Photo by Tom Arban

The McEwen Graduate Study & Research Center was originally intended to be a mixed-use academic building with a residential area above classrooms, offices, and labs, but changes in university policy required the team stick to a strictly academic design. Still, even after reverting from the original plan, Sampson’s early rendition for a nearly 92-foot solar chimney that induces stack effect ventilation remained a key element. “This is the second tallest solar chimney in Canada that we’re aware of,” he says. “When it was determined the residence would be provided elsewhere on campus, we had a discussion with our client about the value of retaining the solar chimney.” The solar chimney exaggerates effective ventilation in the three floors of classrooms and offices. Where a typical building may be able to use natural ventilation for 52 days of the year, the solar chimney, along with other bioclimatic design elements like intentionally sized windows, extends natural ventilation for 160 days.

Five rectangular platforms create continuous space that extend the learning scape and encourage connectivity. Photo by Laurian-Ghinitoiu

Interconnected learning spaces are also making their way into public school systems. Daniel Sundlin, partner at Bjarke Ingels Group, worked closely with students and teachers to design The Heights, a new secondary school in Arlington that houses the H-B Woodlawn Program and the Eunice Kennedy Shriver Program. H-B Woodlawn’s studies focus on visual and performing arts while Shriver provides extensive resources for students with specialized educational needs. Bringing the programs together required a design with a sense of connectivity that still allowed different programs to work within their own spaces. “We had a lot of meetings early on in the process where we shared a lot of ideas,” Sundlin says. “For me, what was really special was the close relationship built between the team and the tenants. It’s been a very fun and educational journey in many ways.”

Photo by Laurian-Ghinitoiu

Working within a strict budget and limited space, Sundlin designed roofscapes that offer untraditional learning spaces and a hybrid of functions. “Since the site was so small, we knew early on that we needed to provide sufficient outdoor space,” he says. The terraces are designed with H-B Woodlawn students’ sovereignty in mind and encourage them to venture outside. Terraces on the upper floor are intimate and quiet to accommodate independent study while terraces on the lower level are open and community-driven to promote connectivity between students.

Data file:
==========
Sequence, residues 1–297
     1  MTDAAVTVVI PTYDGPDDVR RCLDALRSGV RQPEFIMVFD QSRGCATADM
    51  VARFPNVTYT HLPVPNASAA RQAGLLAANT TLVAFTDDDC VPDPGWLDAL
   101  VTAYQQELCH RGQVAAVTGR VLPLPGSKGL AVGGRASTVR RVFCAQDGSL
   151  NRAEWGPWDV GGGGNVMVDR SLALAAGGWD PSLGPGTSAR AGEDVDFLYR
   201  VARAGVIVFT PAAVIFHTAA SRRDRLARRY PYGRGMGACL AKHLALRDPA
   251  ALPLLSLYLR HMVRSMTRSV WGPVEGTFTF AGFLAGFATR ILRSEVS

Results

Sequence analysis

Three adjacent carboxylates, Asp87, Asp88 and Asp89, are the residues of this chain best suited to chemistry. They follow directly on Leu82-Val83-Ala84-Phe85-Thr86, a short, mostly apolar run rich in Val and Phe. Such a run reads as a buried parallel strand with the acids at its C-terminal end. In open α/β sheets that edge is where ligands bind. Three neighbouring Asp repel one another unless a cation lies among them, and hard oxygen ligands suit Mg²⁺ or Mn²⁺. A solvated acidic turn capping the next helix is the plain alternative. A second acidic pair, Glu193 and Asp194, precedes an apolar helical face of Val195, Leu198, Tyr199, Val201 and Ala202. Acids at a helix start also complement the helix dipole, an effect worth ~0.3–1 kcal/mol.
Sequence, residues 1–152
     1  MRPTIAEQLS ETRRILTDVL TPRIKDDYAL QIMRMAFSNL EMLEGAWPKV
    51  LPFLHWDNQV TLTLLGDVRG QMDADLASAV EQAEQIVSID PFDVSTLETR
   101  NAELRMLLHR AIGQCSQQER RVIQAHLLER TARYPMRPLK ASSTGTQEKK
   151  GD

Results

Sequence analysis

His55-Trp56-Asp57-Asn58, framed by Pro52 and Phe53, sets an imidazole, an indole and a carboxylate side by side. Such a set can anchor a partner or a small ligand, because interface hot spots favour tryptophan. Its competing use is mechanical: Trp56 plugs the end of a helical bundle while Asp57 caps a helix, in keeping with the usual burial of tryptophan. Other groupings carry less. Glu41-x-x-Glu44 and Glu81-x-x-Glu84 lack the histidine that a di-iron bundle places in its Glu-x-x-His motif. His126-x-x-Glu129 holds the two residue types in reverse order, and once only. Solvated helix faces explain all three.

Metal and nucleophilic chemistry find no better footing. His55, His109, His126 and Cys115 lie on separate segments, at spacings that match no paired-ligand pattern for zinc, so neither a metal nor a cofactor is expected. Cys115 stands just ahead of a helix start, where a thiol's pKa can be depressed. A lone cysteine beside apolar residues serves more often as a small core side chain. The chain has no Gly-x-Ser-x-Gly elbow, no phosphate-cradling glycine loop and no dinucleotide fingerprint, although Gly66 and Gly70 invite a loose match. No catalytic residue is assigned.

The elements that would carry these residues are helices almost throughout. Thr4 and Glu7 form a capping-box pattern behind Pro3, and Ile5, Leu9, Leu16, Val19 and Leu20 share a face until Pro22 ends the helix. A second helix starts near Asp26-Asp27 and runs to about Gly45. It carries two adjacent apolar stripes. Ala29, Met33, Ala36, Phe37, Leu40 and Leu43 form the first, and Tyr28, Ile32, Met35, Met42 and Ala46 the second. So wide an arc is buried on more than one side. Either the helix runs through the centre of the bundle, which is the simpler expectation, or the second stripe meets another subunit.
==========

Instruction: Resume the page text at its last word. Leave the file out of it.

Photo by Laurian-Ghinitoiu

For the Shriver Program, Sundlin considered students’ sensitivities to light and commotion as well as accessibility needs. Features like recreational areas and a sensory cottage are located on the first two floors, accessible from the ground. “We wanted to make sure there was a relationship between the two programs,” Sundlin says. “The sort of cascading stair in the middle of the building terminates in the Shriver program, so they both have privacy, but they are both very much a part of the daily life in the school.”

The Heights features an on-site rainwater system, high-performance glazing, LED lighting with sensors and dimming capabilities, and an 18,700-square-foot vegetated roof. It is expected to receive LEED Gold certification.

Project Details

Drawing courtesy of Moore Ruble Yudell

Project: Tepper Quad
Location: Pittsburgh, PA
Completion: August 2018
Size: 315,000 square feet
Cost: $201 Million
Lead Architect: Moore Ruble Yudell Architects & Planners
Associate Architect: Renaissance 3 Architects
Engineer: BuroHappold
Construction Manager: P.J. Dick
Landscape Architect: Sasaki

Drawing courtesy of BSN Architects

Project: Rob and Cheryl McEwen Graduate Study & Research Center
Location: Toronto, Canada
Completion: 2019 
Size: 66,360 square feet
Cost: $40 million
Lead Architect: Baird Sampson Neuert Architects
Structural Engineer: Blackwell Structural Engineers
Mechanical Engineer: Crossey Engineering Ltd.
Electrical Engineer: Crossey Engineering Ltd.
Landscape Architect: Plant Architect
Contractor: Ellis Don
Climate Engineer: Transsolar Klimaengineering
Civil Engineer: RV Anderson
Acoustics: Swallow

Drawing courtesy of Bjarke Ingles Group

Project: The Heights
Location: Arlington, VA 
Completion: October 2019 
Size: 54,790 square feet
Architects: Bjarke Ingels Group, LEO A DALY 
Environmental Engineer: EHT Traceries 
Sustainability: Sustainable Design Consulting